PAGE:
Tuesday, September 25, 2007

Tony Dungy's Quiet Strength

My father recently gave me a copy of Tony Dungy's new biography Quiet Strength. I think it's difficult not to like Dungy, Payton Manning, and the Indianapolis Colts. After reading this book, I'm a fan of the Colts.
The book recounts Dungy's childhood, parents, and of course, football. Dungy astounded me with his continual emphasis to put God first. Let's be honest, for Dungy that means putting God first in football coaching. Page after page, though, I realized that he was aware of the low value that football has, but even so, God is the God of all things and demands glory in all things. Dungy exemplifies this truth in the way he leads his life.
In a day that sports presents so much drama, one may question whether or not a ESPN is a soap opera or a news network. This man brings integrity and character to the areana in a much needed way. Many football players and coaches do many great things in their community like purchasing homes for single mothers (Warrick Dunn), the Indianapolis Colts' head coach spearheaded the organization All Pro Dad; "All Pro Dad is Family First's innovative program helping men to be better fathers." His coaching imperatives to his players and coaching staff consist in telling them to spend time with their families.
The striking characteristic that is on every page of the book is Dungy's dependence on God. This dependence was never more needed when his son committed suicide two seasons ago. I can't imagine hearing those words as a father. He asserts that while he'll never move out of the grieving cycle, but he knows that God is working for the good of those that love Him. At the same time, he's not asking why, rather he's asking what does God want Him to learn from this and how can he help others.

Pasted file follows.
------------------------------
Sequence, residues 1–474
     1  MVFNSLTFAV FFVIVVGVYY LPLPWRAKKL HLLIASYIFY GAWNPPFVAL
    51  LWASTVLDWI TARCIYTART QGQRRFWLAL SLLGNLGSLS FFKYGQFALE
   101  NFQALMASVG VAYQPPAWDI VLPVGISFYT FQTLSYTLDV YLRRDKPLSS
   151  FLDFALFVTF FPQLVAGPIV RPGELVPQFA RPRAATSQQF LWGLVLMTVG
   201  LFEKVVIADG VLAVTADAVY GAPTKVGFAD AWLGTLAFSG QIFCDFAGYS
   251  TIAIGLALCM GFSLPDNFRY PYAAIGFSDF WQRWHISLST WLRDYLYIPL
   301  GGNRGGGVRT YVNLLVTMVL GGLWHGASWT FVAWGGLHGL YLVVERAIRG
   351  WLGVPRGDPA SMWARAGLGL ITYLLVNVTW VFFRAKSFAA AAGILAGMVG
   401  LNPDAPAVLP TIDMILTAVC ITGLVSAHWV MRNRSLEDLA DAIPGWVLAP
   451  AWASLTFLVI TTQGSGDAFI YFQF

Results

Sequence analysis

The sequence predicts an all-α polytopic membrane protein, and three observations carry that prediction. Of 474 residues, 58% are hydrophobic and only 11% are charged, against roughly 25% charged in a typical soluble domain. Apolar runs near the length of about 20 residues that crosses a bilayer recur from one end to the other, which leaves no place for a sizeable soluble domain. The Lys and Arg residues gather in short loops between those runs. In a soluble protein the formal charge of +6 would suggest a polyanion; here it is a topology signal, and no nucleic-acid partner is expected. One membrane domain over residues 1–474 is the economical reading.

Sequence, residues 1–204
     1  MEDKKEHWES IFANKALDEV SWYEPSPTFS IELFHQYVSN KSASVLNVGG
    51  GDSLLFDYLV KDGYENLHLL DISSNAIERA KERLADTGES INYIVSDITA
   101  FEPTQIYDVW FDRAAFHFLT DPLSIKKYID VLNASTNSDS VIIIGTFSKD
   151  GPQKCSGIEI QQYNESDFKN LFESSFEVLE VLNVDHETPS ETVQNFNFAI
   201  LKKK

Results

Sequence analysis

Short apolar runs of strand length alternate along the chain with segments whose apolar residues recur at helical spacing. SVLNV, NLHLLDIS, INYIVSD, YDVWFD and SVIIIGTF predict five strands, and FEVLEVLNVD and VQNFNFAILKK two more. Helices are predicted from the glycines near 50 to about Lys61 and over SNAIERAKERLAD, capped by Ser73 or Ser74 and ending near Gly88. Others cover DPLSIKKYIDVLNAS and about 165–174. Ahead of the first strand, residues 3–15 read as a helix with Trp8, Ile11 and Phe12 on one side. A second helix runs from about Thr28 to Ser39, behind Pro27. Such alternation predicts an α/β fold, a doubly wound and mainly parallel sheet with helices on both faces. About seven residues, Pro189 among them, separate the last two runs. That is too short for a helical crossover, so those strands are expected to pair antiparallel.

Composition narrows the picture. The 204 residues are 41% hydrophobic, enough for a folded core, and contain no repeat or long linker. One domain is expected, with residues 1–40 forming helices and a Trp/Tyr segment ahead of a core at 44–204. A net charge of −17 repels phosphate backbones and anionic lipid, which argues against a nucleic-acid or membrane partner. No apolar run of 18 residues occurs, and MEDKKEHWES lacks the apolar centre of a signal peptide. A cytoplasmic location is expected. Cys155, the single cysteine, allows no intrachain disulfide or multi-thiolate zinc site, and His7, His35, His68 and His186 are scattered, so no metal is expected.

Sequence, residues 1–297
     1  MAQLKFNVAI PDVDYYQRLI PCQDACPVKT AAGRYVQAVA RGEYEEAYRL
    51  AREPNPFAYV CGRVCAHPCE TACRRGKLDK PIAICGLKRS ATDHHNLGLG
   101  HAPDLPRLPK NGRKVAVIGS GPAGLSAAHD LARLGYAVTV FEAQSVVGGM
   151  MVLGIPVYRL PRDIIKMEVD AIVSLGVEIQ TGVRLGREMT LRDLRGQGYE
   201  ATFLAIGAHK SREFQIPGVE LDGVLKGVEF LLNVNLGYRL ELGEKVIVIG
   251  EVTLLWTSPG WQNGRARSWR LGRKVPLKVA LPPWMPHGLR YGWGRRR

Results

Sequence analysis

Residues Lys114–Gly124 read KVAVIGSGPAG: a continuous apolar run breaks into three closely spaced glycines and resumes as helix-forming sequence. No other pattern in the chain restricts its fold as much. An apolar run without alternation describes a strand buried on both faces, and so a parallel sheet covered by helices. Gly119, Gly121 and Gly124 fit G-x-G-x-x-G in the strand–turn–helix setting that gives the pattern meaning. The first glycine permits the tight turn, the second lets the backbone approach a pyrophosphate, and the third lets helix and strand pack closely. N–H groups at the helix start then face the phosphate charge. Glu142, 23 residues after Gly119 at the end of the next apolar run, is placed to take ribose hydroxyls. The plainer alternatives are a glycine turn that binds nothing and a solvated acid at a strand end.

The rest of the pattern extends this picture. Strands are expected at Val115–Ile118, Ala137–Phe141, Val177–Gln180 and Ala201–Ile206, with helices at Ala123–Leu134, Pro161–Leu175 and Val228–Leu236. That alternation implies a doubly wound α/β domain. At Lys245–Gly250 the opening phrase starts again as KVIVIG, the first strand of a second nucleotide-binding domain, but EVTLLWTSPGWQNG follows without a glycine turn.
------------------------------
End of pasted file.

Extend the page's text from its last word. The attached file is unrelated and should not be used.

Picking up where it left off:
I thoroughly enjoyed reading through Dungy's life and am thankful to the Lord for the way that He has used him and will continue to use him. Even so, I'm thankful for my dad who passed this book onto me and who continues to love me and bless me through his words and actions everyday of my adult life.

Wednesday, September 19, 2007

Wedding in Lexington

We got to spend a good deal of time with my family in Lexington this past weekend at my cousin, Caroline's wedding. Here are some fun pictures and videos from the entire day. Enjoy :)
This video is a historic moment. I can't stress enough how awesome it was to see my grandparents on the dance floor!!! Those who know them can appreciate it's significance.

Here is a video that seems to now be a tradition for our family at weddings.

Tuesday, September 11, 2007

Forever Changed

In John Feinstein's book, The Punch, he takes us back to December 9, 1977. This night marks the most violent moment in the history of sports. Regardless that the L. A. Lakers went on to defeat the Houston Rockets, the memory etched forever into sports history is Kermit Washington's devastating blow to Rudy Tomjanovich.
Feinstein begins with the infamous night then starts over with each man's life growing up in different but still tough circumstances. Both men had a voracious work ethic that brought them into the NBA and one that continued as the impact of the punch played out in their lives.
After reading the book, it is tempting to think that Feinstein skewed a favorable light on Kermit Washington. But testimony after testimony gave creedance to Washington's character. The Punch thrown that night is a horrific sight. The only type of man that would do such a thing is a monster, a man bent towards horrid violence. At least that's what you'd think after watching it.
Washington and Tomjanovich have spent their entire lives getting over the impact of The Punch. Those aren't my words. Those are their lives speaking out on every page of Feinstein's book. Their connection is gripping. More so, it is remarkable as they each disclose to Feinstein how connected they are twenty some years afterwards.
Washington remarked, "I feel like I've been married to him for twenty-four years." In the end, Tomjanovich wished Washington well not because they've been married but "because we're brothers".